Sox2 target network in regulating adult Schwann cell plasticity: new insights into peripheral nerve regeneration and pathology
Hess, Samuel Joseph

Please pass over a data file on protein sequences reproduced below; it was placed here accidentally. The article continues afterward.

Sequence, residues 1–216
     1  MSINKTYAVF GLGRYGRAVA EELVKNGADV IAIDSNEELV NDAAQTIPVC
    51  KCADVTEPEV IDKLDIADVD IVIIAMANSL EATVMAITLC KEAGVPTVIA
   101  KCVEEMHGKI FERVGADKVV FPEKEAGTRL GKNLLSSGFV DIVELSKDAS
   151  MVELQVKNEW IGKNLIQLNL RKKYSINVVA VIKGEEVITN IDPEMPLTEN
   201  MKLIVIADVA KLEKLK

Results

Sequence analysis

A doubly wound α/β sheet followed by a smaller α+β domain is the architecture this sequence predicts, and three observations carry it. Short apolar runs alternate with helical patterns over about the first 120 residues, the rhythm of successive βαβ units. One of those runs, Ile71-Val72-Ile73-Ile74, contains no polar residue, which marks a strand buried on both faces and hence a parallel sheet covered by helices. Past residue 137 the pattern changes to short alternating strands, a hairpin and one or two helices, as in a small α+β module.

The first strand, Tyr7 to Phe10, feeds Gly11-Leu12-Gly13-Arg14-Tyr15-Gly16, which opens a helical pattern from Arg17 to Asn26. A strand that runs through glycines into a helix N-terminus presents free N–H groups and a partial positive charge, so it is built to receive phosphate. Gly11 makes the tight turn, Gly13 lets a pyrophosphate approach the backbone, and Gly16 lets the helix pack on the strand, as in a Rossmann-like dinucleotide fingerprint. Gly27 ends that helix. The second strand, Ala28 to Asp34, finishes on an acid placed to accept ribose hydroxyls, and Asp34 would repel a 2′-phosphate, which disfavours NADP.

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Terminally differentiated Schwann cells (SCs), the glial cells in the adult peripheral nerves, display a remarkable plasticity by adopting a de-differentiated phenotype following injury and becoming specialised to repair-type cells for promoting nerve regeneration. Adult SC plasticity is also hijacked by leprosy-causing Mycobacterium leprae during peripheral nerve infection, which make SCs susceptible to reprogramming and generation of progenitor/stem-like cells for bacterial advantage. Interestingly, de-differentiated SCs generated during nerve injury and infection reactivated stem cell transcription factor Sox2, which is essential for maintaining pluripotency in embryonic stem cells (ESCs). In this study we address what role Sox2 plays and how it is involved in adult SC plasticity. We identified that Sox2 binds to a network of gene targets in de-differentiated adult SCs across the mouse genome. This Sox2 target network is distinct from Sox2 target genes in core ESC pluripotency, and appears to be modulated by SC microenvironmental changes and pathological conditions, as nerve crush injury and infection-induced reprogramming expanded Sox2 binding to target genes. In vivo knockdown by shRNA of Sox2 in wild type adult nerves demonstrated reduction in SC de-differentiation. Mutant mice defective in natural nerve degeneration, de-differentiation and regeneration (Wallerian degeneration slow mice; Wlds) not only show impaired Sox2 binding to its target genes but also a delay in Sox2 and target gene expression after nerve crush injury. Together, these in vivo data reveal an impact of Sox2 and its target network on SC plasticity. Furthermore, altered expression of many of these target genes after Sox2 knockdown in wild type adult Schwann cells in vitro and in vivo as well as in injured Wlds nerves suggests a functional role of a Sox2 target network in nerve injury-repair processes. This includes Sox2 target genes such as Megf10, Btc, Atf3 and Nestin. By acting on these genes Sox2 may coordinate relevant gene functions ranging from phagocytosis/clearance, proliferation, transcription and cytoskeletal dynamics. Thus, this study proposes a novel concept of how reactivation of an embryonic stem cell regulator like Sox2 in adult tissues coordinates a gene network regulating Schwann cell plasticity and multiple biological functions facilitating the nerve injury-repair process. These findings may aid in developing strategies towards promoting nerve regeneration, or designing treatments for neuropathies in which deregulation of Schwann cell de-differentiation contributes to pathogenesis.